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Ramp motion

  1. Jan 9, 2016 #1
    1. The problem statement, all variables and given/known data
    The block of weight of 100N is pulled by a rope over a pulley of small block with m kg . A 200N forec also acts horizontally as shown . If thge kinetic coefficient = 0.25 , static coefficient = 0.3 , determine whether the block is moving when the block is in moving or impending motion ?

    2. Relevant equations


    3. The attempt at a solution
    200cos20 - 0.3( 100x9.81xsin30 + 200sin20 ) =20.2 N , what should i do next ?
    how to find the acceleration of 2 blocks , i have no idea , can someone point it out ?
     

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  3. Jan 9, 2016 #2

    haruspex

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    The question statement seems a bit garbled. Please post the exact wording.
    It looks like you are only being asked to decide whether it will move. If so, you do not care about the resulting acceleration. Just treat it as a statics problem.
    The weight is given in N. It is not a 100kg mass.
    Where does the sin 30 come from?
    What about the component of gravity down the ramp?
     
  4. Jan 9, 2016 #3
    given that m = 2kg
    sorry , it should be sin20
    for the component of force down the slope is 100(9.81)sin20 - 200cos 20 = 733N , what is the next steps?
     
  5. Jan 9, 2016 #4

    haruspex

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    I repeat, it is a 100N weight, not a 100kg mass. Think about that.
    In your original expression, you had three forces acting parallel to the slope. Now you are showing only two. How many are there altogether?
     
  6. Jan 9, 2016 #5
    its's stated in the diagram , 100kg mass.....
     
  7. Jan 9, 2016 #6
    so the total force down the plane = 100(9.81)sin20 -200cos20 -0.3 ( 200sin20 +100(9.81)sin20 ) = -149.9N , ???
     
  8. Jan 9, 2016 #7

    haruspex

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    Ok, so you stated it wrongly in the original post:
    Nearly right. Always be suspicious when you see the same force contributing two terms with the same trig function (sine in this case), one with the coefficient of friction and one without.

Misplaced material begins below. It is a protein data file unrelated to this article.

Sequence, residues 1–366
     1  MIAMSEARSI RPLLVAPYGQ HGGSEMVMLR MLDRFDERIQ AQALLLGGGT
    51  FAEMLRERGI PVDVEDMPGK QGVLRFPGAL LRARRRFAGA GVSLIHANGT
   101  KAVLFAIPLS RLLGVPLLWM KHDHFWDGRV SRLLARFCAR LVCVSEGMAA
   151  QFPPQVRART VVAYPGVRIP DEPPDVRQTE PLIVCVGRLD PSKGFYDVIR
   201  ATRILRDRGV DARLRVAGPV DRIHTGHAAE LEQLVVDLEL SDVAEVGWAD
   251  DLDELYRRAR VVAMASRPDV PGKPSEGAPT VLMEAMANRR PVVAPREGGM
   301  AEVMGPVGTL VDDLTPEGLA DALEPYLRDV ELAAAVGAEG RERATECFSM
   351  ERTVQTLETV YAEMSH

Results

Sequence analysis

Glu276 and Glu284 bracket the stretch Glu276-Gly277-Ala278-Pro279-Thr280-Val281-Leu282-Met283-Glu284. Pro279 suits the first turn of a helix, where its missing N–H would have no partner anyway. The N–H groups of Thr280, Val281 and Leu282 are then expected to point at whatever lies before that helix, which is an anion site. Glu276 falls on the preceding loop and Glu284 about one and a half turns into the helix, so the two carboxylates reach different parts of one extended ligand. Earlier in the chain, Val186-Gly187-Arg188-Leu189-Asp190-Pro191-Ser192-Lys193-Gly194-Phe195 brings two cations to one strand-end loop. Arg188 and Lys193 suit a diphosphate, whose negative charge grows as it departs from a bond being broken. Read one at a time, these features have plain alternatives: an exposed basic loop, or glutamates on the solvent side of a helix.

Also, there is one more force you have not mentioned.
     
  9. Jan 9, 2016 #8
    the total force down the plane = 100(9.81)sin20 -200cos20 -0.3 ( 200sin20 +100(9.81)sin20 )-2(9.81) = -170N ?
     
  10. Jan 9, 2016 #9
    as Fs= 0.3( 200sin20 +100(9.81)sin20 ) = 297N
    resultant force down the plane = 100(9.81)sin20 -200cos20-2(9.81) = 128N , so the object will not moving ,and remain stationary ? as F is less than Fs
     
  11. Jan 9, 2016 #10

    haruspex

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    As I hinted in post #7, the second term in 0.3 ( 200sin20 +100(9.81)sin20 ) is wrong. What is the normal force resulting from gravity?
    Also, bear in mind that your equation assumes the frictional force is at its maximum value. It could be less.
     
  12. Jan 9, 2016 #11
    Fs= 0.3( 200sin20 +100(9.81)cos20 ) = 297N
    resultant force down the plane = 100(9.81)sin20 -200cos20-2(9.81) = 128N , so the object will not moving ,and remain stationary ? as F is less than Fs
     
  13. Jan 9, 2016 #12

    haruspex

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    Yes, though to be more accurate, the Fs there is, as I said, the maximum magnitude of the frictional force. In principle, the block could move either way, so what you need to check is whether |Fs|>|F|, which it is.
    The last part of the question is worded strangely. Is this a translation?
    I think it is asking two questions
    1. Whether the block will start to move from rest (which you have answered)
    2. Whether it would continue to move if it is, by some means, already moving.
     
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